What a freakin sell out. I hope he got good money out of it. I'm disgusted by this...

This game is shallow...

The longer you play, the more you're going to realize it. And when you realize it, EA already got your money....

Fasckira:
One step closer to merging Sims and Sim City! Build up your city then create family's to live in it and move them around. Or even take a leaf out of Eve's plans and have some players controlling the cities while others live in them with their Sims (hate to have my home bulldozed by some gibbon though!).

You could load Sim City maps in Streets of Sim. I think you could save them in Streets of Sim, and re-open them in Sim City...not sure though.

So, if the citizens are complaining that you are going to demolish their beloved X, you can avoid doing that. Not your fault if some hover racecar drives by and shoots it full of rockets.

Because this worked so well for SimCity Societies. Yahtzee said it best, and I paraphrase, "...the actual people are little more than scrabbling insects, a tiresome and unnecessary addition to my beautiful homes..." And so I go from "going to buy this when it comes out" to "waiting for reviews". Good job EA.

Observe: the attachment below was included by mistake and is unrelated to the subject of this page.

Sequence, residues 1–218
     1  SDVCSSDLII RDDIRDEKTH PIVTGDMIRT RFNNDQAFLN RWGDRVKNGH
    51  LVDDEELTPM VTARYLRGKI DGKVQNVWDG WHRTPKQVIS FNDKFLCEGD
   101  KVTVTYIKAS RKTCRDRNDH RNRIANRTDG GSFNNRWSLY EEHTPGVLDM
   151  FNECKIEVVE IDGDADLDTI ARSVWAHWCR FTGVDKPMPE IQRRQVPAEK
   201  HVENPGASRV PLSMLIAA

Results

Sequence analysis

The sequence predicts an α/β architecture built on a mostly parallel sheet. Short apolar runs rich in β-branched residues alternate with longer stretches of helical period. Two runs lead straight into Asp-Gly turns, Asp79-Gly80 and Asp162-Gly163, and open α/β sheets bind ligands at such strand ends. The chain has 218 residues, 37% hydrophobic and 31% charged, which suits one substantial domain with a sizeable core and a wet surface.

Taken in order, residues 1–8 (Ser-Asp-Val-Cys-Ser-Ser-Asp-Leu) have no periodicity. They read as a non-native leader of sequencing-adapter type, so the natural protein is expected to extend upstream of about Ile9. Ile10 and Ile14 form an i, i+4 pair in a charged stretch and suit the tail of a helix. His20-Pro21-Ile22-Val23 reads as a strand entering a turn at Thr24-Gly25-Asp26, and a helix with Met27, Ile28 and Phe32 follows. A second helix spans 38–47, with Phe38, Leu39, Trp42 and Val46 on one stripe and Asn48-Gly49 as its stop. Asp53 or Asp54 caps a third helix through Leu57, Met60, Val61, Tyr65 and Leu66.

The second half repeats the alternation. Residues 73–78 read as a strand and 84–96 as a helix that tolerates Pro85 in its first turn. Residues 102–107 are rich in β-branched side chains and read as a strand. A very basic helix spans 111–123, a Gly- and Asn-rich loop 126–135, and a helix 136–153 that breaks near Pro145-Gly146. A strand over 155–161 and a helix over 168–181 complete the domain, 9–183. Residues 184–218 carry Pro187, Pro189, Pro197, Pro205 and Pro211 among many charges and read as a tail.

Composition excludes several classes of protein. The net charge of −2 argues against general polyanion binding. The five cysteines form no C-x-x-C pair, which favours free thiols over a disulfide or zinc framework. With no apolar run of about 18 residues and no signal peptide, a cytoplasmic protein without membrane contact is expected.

i can think of better "a guilt-driven experiences" than video gaming...

what ever happened to the good ole fun of just building stuff....oh right, Minecraft.

nodlimax:
What a freakin sell out. I hope he got good money out of it. I'm disgusted by this...

This game is shallow...

The longer you play, the more you're going to realize it. And when you realize it, EA already got your money....

What? Don't tell me youre so blinded by EA hate that you don't realize that all gaming is inherently shallow... I can't wait for this game myself. It's been way too long since we've had a good sim city game.